According to the present invention, an authentication tag may be created using a hash function based message authentication algorithm, often called an HMAC. Another alternative may be to use a block cipher based authentication algorithm. In this case, the same block cipher may be used to encrypt a bit stream and to generate an authentication tag. Any of many hash functions may be used, e.g., MD5, SHA-1, etc. HMAC uses the hash function with a secret key. Using a secret key for message authentication, according to the present invention, provides two features: the origin of the bit stream may be verified, and only the intended receiver can do this verification process.

FIG. 9 shows a block diagram of an example process for verifying authentication tags according to an example embodiment of the present invention. This authentication process occurs at the application specific integrated circuit, or other device containing the programmable array. The bit stream S1 and authentication tag S4 are received at the application specific integrated circuit. The bit stream S1 may then be used to create an authentication tag S2. This authentication tag that has been created at the application specific integrated circuit, S3 is then compared S5 with the received authentication tag S4 to determine if they are the same. If there is a match then the received authentication tag is determined to be authentic, whereas if they do not match, the authentication tag is determined to be not authentic. If the authentication tag is authentic, the bit stream is assumed to be authentic.

The secret key for the authentication process may be either the same key, as is used to encrypt the bit stream, or a different key intended just for authentication. If a different key is used for authentication and digital envelope technique is not used, the key may be hardwired at the programmable array. If digital envelope technique is used, the authentication key may be encrypted using public key cryptography and a programmable array's public key. The ciphered authentication key may then be appended to the configuration data similar to the ciphered secret key. If the same key is used for authentication and bit stream encryption, nothing may need to be done.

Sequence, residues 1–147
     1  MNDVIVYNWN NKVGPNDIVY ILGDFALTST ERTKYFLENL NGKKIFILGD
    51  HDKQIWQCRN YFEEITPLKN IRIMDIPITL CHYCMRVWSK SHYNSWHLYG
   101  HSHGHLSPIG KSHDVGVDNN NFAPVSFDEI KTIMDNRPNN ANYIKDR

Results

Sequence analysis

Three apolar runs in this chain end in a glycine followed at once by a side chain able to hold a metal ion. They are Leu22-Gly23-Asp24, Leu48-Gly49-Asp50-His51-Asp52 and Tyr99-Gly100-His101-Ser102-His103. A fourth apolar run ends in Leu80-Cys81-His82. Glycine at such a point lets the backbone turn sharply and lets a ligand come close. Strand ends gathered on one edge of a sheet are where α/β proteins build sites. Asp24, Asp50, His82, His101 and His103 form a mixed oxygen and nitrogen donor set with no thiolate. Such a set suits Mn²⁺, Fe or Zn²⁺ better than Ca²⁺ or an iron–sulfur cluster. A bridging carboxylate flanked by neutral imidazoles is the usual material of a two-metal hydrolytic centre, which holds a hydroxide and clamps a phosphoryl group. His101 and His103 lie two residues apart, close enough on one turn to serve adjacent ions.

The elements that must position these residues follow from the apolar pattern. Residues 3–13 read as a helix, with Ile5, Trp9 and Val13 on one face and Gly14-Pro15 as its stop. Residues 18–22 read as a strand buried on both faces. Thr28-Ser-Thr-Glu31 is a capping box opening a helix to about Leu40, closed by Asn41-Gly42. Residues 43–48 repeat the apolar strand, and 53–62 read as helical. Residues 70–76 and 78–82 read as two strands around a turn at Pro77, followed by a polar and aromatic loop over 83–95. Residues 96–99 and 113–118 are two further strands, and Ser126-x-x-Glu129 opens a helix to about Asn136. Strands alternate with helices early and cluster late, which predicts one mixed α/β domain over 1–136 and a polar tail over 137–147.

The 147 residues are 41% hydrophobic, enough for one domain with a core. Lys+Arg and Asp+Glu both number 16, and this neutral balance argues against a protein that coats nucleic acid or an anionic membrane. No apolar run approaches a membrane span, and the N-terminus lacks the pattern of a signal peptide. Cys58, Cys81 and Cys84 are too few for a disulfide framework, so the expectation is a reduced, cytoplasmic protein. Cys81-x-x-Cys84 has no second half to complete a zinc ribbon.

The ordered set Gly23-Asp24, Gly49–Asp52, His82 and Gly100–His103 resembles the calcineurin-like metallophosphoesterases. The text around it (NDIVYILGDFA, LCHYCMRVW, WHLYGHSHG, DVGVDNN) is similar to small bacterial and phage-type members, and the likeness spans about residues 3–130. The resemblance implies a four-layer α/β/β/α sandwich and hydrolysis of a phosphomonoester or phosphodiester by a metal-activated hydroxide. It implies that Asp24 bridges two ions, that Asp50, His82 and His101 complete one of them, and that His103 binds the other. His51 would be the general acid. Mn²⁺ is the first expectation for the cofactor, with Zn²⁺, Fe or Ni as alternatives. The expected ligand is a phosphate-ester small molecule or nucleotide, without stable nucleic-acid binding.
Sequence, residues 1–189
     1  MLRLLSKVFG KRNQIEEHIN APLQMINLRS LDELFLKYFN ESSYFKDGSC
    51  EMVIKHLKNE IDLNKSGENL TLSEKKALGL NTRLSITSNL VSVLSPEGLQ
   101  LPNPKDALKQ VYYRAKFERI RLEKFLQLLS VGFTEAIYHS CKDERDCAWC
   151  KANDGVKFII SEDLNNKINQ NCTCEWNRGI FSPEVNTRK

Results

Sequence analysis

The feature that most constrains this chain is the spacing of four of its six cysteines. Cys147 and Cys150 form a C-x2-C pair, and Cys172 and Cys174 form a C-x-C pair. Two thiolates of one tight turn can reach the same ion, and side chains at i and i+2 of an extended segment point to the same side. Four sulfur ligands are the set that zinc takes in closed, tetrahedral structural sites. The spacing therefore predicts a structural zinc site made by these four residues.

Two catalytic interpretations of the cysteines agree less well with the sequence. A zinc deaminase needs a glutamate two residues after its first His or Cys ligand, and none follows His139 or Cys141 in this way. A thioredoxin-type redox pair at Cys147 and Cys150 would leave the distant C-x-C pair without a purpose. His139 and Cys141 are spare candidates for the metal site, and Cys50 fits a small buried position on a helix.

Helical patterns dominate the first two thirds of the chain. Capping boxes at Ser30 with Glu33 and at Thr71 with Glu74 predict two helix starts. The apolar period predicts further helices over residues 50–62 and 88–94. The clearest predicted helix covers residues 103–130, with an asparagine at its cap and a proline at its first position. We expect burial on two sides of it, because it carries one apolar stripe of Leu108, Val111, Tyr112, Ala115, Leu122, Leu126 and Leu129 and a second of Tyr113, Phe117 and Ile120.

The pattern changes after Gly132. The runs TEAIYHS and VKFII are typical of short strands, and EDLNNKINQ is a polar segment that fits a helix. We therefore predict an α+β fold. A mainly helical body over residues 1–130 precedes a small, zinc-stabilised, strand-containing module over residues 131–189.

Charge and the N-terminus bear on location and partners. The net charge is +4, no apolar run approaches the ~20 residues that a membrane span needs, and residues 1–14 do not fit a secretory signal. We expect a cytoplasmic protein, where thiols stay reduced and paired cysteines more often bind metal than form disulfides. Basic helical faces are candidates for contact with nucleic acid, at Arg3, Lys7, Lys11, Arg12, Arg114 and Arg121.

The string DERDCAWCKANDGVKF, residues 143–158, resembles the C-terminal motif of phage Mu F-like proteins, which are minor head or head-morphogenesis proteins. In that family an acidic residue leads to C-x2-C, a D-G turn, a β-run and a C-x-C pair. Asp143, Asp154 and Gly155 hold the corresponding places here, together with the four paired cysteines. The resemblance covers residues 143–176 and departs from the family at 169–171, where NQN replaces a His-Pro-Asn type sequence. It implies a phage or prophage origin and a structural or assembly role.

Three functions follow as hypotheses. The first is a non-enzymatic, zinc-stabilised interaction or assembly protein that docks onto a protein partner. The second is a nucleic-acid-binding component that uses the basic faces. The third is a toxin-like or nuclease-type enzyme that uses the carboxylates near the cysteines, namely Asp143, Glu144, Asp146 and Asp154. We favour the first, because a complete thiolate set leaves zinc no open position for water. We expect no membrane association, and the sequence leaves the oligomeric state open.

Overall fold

The bit stream may be verified using a similar process as was used when the authentication tag was created. The same algorithm may be applied to the bit stream and an authentication tag is acquired as a result. This newly created authentication tag may be compared to the tag delivered along with the bit stream. If they match, the bit stream is authentic.

FIG. 10 shows a block diagram of an example system for loading secured configuration bit streams into a programmable device from a network according to an example embodiment of the present invention. Application specific integrated circuit 20, which contains decryption logic 22 and programmable array 24, may be connected to a network 30. Network 30 may be any of many types of networks, e.g., local area network (LAN), wide area network (WAN), etc. Network 30 may also have many other devices connected to it, for example, one or more personal computers 32, one or more servers 36, one or more modems 34, and/or one or more gateways or interfaces to other networks and/or systems such as internet protocol gateway 38 which provides a connection for network 30 (and devices attached thereto) to the internet. Modem 34 may provide connection from network 30 to a public switched telephone network (PSTN). Any device connected to the network may contain configuration data that may be transferred across the network to application specific integrated circuit 20 to be downloaded into the programmable array 24. According to the present invention, the configuration data may be encrypted before transport across the network to application specific integrated circuit 20 therefore providing security and authentication checking of the configuration data before being loaded into programmable array 24. Any of the devices connected to network 30 (e.g., personal computers, servers, modems, etc.), may contain memory with one or more encrypted configuration data.